|Chickweed is a common “weed” that is high in vitamins and minerals and can help relieve ovarian cysts, kidney problems, sore throats and more.|
By Deb Soule
Various species of chickweed grow around our planet. A member of the Caryophyllaceae (Carnation) family, chickweed grows as an annual and reseeds easily in cool, moist soils. Its Latin genus name, Stellaria, means little star, a reference to its white, star-shaped flowers. The leaves are smooth and oval shaped, and the delicate leaf stalk has a single line of hairs running up the stem, which changes position at the nodes.
Stellaria media is the most succulent of the species and is commonly found growing in compost piles and rich damp garden beds in New England. Its presence indicates nitrogen rich soil. Chickweed can be collected in early spring and again in fall into winter (depending on where you live). Continuously harvesting the greens prevents the plant from becoming stringy. To extend chickweed’s growing season, seed it directly into coldframes or window boxes inside a greenhouse in September. You will have luscious greens to harvest from fall into early winter and again from late winter into spring. You can eat chickweed throughout the winter if you keep some in a heated greenhouse or sunroom.
Chickweed has a delicious, fresh taste and is high in minerals and vitamins.
Consumed in salads or made fresh into a tea, glycerite, tincture, succus (expressed juice), its demulcent properties soothe the digestive system, kidneys, bladder, urinary tract, sore throat, lungs and bowels. It is useful for people with stomach and duodenal ulcers to use regularly. Because chickweed is cooling and moistening, ingesting it reduces hot and dry conditions, such as fevers and dry, red, itchy, scaly skin conditions (including eczema or psoriasis). Its moistening properties help relieve constipation, and its cooling and anti-inflammatory properties ease arthritis and nonspecific joint and muscle pain.
Chickweed helps the body absorb nutrients better.
It is a safe and nourishing herb for a person of any age to take over several months when weak, chronically tired from overwork and stress, traumatized, anemic or recovering from a long-term illness or surgery.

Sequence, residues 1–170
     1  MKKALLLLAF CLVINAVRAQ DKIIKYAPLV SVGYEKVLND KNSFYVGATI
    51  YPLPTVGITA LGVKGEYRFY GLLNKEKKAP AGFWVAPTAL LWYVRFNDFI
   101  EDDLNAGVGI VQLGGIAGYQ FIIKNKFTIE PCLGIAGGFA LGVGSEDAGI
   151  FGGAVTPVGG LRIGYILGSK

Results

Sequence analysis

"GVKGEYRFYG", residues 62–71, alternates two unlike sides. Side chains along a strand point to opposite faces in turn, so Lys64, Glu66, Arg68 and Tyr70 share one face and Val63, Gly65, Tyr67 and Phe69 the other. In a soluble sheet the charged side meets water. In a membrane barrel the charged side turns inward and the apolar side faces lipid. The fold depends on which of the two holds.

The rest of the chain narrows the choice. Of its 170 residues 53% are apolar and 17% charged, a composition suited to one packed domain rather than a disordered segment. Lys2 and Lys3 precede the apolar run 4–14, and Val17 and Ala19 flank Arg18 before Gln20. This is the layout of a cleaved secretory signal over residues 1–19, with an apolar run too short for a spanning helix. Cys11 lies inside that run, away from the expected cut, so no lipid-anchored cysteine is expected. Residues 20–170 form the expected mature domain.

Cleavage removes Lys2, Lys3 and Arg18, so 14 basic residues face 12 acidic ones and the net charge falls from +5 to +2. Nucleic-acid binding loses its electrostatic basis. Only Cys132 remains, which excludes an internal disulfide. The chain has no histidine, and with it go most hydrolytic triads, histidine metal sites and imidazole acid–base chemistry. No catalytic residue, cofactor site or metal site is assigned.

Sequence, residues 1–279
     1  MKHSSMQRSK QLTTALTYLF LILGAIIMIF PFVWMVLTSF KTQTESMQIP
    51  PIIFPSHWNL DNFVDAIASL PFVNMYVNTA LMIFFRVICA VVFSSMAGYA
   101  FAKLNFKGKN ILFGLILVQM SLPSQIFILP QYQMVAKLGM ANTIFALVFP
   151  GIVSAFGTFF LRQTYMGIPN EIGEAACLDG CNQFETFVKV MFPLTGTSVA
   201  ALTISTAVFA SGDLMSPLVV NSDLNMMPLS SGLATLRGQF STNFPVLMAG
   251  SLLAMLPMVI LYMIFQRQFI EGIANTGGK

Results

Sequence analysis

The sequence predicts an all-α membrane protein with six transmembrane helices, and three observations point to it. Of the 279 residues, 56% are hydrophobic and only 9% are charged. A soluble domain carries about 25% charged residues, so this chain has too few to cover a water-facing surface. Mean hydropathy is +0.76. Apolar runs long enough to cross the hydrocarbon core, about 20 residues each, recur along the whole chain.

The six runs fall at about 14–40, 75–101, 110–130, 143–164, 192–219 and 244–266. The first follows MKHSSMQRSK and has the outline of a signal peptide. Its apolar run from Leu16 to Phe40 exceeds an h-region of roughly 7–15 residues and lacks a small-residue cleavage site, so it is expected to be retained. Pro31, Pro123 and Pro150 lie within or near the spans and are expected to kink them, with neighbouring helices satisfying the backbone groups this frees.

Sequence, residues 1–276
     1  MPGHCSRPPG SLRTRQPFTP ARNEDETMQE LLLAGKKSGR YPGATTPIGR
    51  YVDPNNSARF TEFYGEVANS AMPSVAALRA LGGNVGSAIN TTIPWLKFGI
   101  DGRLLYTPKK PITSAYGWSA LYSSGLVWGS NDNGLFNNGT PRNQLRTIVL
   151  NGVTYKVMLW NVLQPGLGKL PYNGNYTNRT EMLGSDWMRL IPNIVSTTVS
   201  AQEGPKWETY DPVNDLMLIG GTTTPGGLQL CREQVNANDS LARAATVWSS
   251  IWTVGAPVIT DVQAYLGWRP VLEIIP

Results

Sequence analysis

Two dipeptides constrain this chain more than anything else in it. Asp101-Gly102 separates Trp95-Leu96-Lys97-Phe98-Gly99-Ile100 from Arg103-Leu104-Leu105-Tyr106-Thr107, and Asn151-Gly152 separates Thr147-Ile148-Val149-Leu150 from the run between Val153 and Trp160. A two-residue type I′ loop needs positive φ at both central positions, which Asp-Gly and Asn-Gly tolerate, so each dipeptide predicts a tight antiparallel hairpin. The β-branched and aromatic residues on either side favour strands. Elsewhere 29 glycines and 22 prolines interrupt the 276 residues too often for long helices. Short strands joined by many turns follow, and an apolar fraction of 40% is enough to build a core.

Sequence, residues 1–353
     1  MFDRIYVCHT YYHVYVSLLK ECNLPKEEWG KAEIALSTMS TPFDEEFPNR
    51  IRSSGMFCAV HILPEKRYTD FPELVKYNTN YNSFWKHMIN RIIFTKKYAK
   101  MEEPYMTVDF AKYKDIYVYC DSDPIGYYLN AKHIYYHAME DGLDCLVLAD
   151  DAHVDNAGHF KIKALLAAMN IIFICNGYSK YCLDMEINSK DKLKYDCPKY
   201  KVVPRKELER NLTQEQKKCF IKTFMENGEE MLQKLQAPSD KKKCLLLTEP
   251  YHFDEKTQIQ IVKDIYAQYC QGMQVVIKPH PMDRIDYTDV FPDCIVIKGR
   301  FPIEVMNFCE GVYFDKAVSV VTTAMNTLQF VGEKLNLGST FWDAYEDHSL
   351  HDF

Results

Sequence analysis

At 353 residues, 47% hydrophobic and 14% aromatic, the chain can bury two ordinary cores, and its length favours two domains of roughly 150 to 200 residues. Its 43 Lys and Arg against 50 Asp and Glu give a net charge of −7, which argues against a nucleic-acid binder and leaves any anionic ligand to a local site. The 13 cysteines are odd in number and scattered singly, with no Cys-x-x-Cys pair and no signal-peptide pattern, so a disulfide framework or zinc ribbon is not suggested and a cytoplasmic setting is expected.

Chickweed benefits women working to reduce and eliminate breast cysts, ovarian cysts, uterine fibroids or lymphadema. Eat a few fresh handfuls chopped into salad as often as possible or take a glycerite, succus or tincture made from the fresh herb two to three times per day over several months. Continue using the herb as a preventive three to four times a week after the growth disappears or is removed surgically.
A fresh chickweed poultice reduces swellings and inflammations from bruises, mosquito bites and bee stings; hot spots on animals; and helps heal skin ulcers and other inflamed or itchy skin conditions. A fresh poultice also draws out infections from abscesses, boils, cuts and pus-filled wounds very effectively. Years ago I helped a woman with her nine-year-old dog whose belly was covered with open, oozing, cancerous sores. Within three days of applying fresh chickweed poultices every few hours over the area, the infection drained, the odor lessened, and new pink cells formed. Soaking any inflamed wound or skin irritation once or twice a day in a strong infusion of fresh chickweed is soothing and anti-inflammatory. A chickweed salve can ease itching of eczema or psoriasis and assist in healing hemorrhoids, minor cuts, diaper rashes, skin eruptions or dry, inflamed skin rashes.
A tea made from fresh chickweed leaves and used as a wash relieves eye inflammations and helps heal eye infections (in conjunction with such herbs as Echinacea, goldenseal and eyebright), pinkeye, tired and sore eyes and eyelids that may be crusted over.
A highly restorative, nourishing and gently detoxifying juice or blended green drink can be prepared with chickweed and other spring greens, such as violets, nettle, dandelion leaves, watercress and lamb’s quarters. This drink will add strength and vitality to any northerner after a long, cold winter.
Chickweed seeds (organic) are available from Horizon Herbs, P.O. Box 69, Williams, OR 97544-0069, tel: (541)-846-6704; and Abundant Life Seed Foundation, P.O. Box 772, Port Townsend, WA 98368.
Use whatever proportions of the following ingredients you desire:
Large handfuls of freshly chopped chickweed
Grated carrots and beets
Different colors and textures of lettuce or mesclun greens
Chopped chives, parsley, lamb’s quarters and watercress
Add purple chives blossoms and Johnny jump-up flowers when available to garnish the salad.
Add toasted sunflower and/or pumpkin seeds and a handful of toasted and crumbled dulse.
3 Tbsp. sesame tahini
1 to 2 Tbsp. toasted sesame oil or olive oil
1/4 cup yogurt or water
2 to 4 Tbsp. of your favorite herb vinegar
1 Tbsp. tamari sauce
1 to 2 medium cloves of freshly chopped garlic (or more if you want)
About the author: Deb is the founder of Avena Botanicals and the Avena Institute in West Rockport, Maine. She also wrote A Woman’s Book of Herbs. You can visit her Web site at www.avenaherbs.com. This article is for information only; please consult a health care practitioner if you have a serious medical problem.